Yet no amount of repetition will erase the enormous differences between the U.S. today and Germany 90 years ago. Not many people are left who remember the original Weimar Republic, born in 1919 after the revolutionary ouster of Kaiser Wilhelm II and condemned to death 14 years later with Hitler’s appointment as chancellor. Last week, I asked one eminent American who was born in Germany in 1923 what he thought. It was a parallel that had crossed Henry Kissinger’s mind more than once in the turbulent times of the late 1960s and early 1970s. His view today: Americans are “nowhere near as alienated from their democratic system” as Germans in the 1920s.

As a certified Weimar scholar (it was the subject of my Ph.D. dissertation) I can think of at least seven reasons why that is right.

Let’s start with political violence. Yes, we have seen too much of that in the U.S. this year, most recently in Portland, Oregon, and Kenosha, Wisconsin. And yet there is a huge difference between the chaotic scenes we have witnessed in those and other locations and the German street battles of the early 1930s.

As a high proportion of adult German men had served in World War I, the paramilitary forces such as the Nazi Sturmabteilung and the Communist Rotfrontkampferbund were not only uniformed and (up to a point) disciplined, they were also competent at violence in a way that today’s Antifa and Proud Boy types manifestly are not. In the early years of the Weimar Republic, so-called Freikorps of demobilized but not disarmed soldiers essentially carried on the war on the Eastern Front. The Organization Consul, a right-wing paramilitary, was responsible for more than 350 assassinations of democratic politicians, including Finance Minister Matthias Erzberger and Foreign Minister Walther Rathenau.

Second, historians of the left have tended to argue that Hitler did not seize power but was handed it by Germany’s fundamentally conservative elites, who never accepted the revolutionary transition to democracy that had happened in 1918–1919. It is certainly true that by the early 1930s, there was substantial support for the Nazis in the military, the senior civil service and the universities.

Today’s American elites are quite different. You will look in vain for strong pro-Trump sentiment in the American officer corps and indeed in the military more generally. To an extent that is baffling, Trump has repeatedly expressed his contempt for martial values in general and distinguished American veterans in particular. We knew this already from his sneering at John McCain in 2015, but the Atlantic’s Jeffrey Goldberg vividly reminded us of it last week.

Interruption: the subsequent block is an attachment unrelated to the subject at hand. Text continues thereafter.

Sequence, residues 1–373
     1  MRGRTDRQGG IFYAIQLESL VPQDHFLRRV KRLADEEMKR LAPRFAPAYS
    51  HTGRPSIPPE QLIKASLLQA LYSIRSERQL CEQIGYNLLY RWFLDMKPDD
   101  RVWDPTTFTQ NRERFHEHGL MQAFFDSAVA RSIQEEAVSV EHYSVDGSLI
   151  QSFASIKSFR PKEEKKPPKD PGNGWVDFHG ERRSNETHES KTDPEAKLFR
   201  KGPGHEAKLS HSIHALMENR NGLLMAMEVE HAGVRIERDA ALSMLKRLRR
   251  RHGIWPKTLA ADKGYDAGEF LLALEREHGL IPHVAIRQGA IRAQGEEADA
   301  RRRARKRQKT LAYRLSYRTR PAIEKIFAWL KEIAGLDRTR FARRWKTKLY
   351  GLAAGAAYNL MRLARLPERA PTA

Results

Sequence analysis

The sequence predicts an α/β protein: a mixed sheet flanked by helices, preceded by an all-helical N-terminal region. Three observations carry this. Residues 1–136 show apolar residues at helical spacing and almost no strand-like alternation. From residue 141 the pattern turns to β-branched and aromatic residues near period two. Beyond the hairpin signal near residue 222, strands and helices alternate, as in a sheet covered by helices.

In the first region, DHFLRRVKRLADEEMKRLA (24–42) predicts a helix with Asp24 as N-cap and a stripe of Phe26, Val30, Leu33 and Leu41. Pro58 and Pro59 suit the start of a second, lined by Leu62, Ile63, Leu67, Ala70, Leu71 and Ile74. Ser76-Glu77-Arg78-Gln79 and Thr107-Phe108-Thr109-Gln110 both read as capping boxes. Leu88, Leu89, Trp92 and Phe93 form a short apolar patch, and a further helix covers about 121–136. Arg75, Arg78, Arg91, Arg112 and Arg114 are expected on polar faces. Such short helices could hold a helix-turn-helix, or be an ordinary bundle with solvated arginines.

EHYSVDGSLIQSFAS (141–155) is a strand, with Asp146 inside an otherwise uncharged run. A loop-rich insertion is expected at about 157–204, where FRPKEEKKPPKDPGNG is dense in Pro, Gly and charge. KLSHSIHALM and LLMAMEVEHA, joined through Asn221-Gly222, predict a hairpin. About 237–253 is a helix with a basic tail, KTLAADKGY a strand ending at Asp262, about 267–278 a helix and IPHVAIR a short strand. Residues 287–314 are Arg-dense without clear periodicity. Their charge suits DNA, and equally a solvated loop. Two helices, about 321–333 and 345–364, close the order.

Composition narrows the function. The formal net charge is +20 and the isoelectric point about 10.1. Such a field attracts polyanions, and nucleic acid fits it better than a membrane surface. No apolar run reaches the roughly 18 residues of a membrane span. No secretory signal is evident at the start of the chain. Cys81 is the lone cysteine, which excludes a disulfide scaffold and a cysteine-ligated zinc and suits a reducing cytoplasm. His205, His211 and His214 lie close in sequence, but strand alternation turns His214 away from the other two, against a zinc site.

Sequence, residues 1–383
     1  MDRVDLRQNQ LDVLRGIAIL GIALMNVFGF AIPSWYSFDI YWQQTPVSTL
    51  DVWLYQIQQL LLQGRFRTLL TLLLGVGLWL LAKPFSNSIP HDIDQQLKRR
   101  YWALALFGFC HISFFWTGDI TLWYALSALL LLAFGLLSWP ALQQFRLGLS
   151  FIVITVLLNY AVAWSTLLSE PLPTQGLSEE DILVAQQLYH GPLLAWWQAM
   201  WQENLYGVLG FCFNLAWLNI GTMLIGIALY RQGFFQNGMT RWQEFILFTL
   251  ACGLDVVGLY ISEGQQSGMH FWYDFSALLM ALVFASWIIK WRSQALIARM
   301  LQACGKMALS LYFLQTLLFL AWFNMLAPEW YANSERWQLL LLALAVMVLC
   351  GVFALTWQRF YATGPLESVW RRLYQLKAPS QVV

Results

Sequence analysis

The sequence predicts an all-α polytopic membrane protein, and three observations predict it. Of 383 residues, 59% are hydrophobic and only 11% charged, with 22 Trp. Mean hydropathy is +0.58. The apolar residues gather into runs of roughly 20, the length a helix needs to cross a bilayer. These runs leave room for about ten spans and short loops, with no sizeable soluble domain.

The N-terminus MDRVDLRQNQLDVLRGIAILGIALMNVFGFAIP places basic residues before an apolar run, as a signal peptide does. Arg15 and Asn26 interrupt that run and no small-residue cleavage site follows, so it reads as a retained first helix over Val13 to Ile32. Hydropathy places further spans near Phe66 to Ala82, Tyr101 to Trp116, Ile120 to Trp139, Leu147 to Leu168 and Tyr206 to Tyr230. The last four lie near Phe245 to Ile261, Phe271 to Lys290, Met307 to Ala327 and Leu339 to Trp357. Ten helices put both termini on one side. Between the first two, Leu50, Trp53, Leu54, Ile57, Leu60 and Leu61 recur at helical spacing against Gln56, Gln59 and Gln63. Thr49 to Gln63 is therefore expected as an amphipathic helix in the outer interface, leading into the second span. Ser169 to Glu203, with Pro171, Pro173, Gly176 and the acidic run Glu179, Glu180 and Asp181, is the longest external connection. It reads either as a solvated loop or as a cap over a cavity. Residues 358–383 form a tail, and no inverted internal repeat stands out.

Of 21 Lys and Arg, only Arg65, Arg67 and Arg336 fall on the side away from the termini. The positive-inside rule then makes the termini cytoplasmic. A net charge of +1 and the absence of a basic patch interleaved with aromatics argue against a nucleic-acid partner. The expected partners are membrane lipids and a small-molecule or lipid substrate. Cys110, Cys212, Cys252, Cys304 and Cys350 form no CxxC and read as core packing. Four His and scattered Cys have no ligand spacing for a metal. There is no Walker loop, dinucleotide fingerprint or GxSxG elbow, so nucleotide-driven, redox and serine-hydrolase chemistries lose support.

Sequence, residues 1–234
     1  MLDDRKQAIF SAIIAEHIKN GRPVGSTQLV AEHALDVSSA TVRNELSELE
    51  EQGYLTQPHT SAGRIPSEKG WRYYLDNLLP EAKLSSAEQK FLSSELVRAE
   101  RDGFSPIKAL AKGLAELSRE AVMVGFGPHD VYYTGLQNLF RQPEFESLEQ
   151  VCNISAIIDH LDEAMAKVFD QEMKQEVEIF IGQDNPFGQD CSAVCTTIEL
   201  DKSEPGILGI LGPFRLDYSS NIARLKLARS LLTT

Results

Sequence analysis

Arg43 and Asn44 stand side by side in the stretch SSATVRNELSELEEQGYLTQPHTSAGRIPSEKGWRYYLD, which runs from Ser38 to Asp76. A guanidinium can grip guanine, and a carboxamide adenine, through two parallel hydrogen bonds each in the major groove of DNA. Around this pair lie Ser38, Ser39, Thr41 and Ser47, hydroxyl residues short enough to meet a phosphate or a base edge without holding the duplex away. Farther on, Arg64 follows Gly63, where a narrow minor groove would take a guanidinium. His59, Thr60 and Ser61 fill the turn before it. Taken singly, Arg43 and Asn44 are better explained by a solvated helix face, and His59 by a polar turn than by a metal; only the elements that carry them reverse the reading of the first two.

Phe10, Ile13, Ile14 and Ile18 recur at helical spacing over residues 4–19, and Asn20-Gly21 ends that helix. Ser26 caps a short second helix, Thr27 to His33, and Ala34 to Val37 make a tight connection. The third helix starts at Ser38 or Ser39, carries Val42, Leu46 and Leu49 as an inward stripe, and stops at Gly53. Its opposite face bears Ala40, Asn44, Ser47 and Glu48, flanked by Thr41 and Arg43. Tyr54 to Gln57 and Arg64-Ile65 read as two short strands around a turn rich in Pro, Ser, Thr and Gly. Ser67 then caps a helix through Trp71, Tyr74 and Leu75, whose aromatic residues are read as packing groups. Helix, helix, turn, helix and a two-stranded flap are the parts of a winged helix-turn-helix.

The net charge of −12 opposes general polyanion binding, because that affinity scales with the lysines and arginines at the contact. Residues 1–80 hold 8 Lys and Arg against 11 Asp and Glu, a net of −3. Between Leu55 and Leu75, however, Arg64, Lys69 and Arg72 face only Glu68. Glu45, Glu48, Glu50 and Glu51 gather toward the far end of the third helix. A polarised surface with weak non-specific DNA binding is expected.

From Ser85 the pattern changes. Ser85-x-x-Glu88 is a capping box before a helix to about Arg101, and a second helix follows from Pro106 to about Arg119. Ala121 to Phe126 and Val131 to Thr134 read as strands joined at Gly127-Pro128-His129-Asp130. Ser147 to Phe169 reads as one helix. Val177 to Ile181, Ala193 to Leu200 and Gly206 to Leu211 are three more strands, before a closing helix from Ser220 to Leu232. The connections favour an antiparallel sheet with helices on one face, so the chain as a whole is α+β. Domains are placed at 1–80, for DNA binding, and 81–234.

In the annals of all history, never mind German history, it is hard to think of a would-be tyrant intent on overthrowing a republican constitution who referred to the fallen in past conflicts as “losers” and “suckers,” and reportedly asked a war hero’s father, a member of his own cabinet: “What was in it for them?”

But then, as Matt Taibbi pointed out last week, Trump isn’t a would-be tyrant. He’s a renegade snake-oil salesman who discovered that the shameless self-marketing techniques he’d developed in real estate and reality television could be deployed to devastating effect in politics.

And if you think the generals hate Trump, they’ve got nothing on professional civil servants, who in turn have got nothing on university professors. Fact: Hillary Clinton got 91% of the votes in the District of Columbia in 2016. The numbers of Harvard, Princeton and Yale faculty members who voted for Trump must have been in the single digits, which perhaps explains why the Princeton Election Consortium thought Clinton had a 93% chance of victory on the eve of the election. It really, really wasn’t like this in Germany in 1932.

Here’s a third reason. Yes, the U.S. economy has suffered three recessions in the past 20 years, with unemployment exceeding 10% in two of them. But inflation has been so low that the Federal Reserve can’t hit a 2% inflation target.

Compare and contrast: The Weimar Republic suffered one of the worst hyperinflation episodes in all of financial history in 1922–1923. It then suffered one of the worst deflation episodes between 1929 and 1933. Unemployment rose to 24% in early 1932 and remained above 20% into 1933. Having destroyed the currency with rampant deficit finance and money printing in the early 1920s, policymakers felt unable to offset the external shock of the Great Depression in the ways that U.S. governments have been able to mitigate the effects of the financial crisis after 2008 and the coronavirus pandemic in 2020.

Reason four why I don’t believe we’re Weimerica: Unlike almost every other democracy in the world, the U.S. retains the two-party system that it imported from Britain. The history of party politics in the Weimar Republic was just the opposite. Thanks to a system of proportional representation, there were multiple parties from the outset, and their number only increased in the wake of the hyperinflation. A total of 41 parties contested the May 1928 federal election.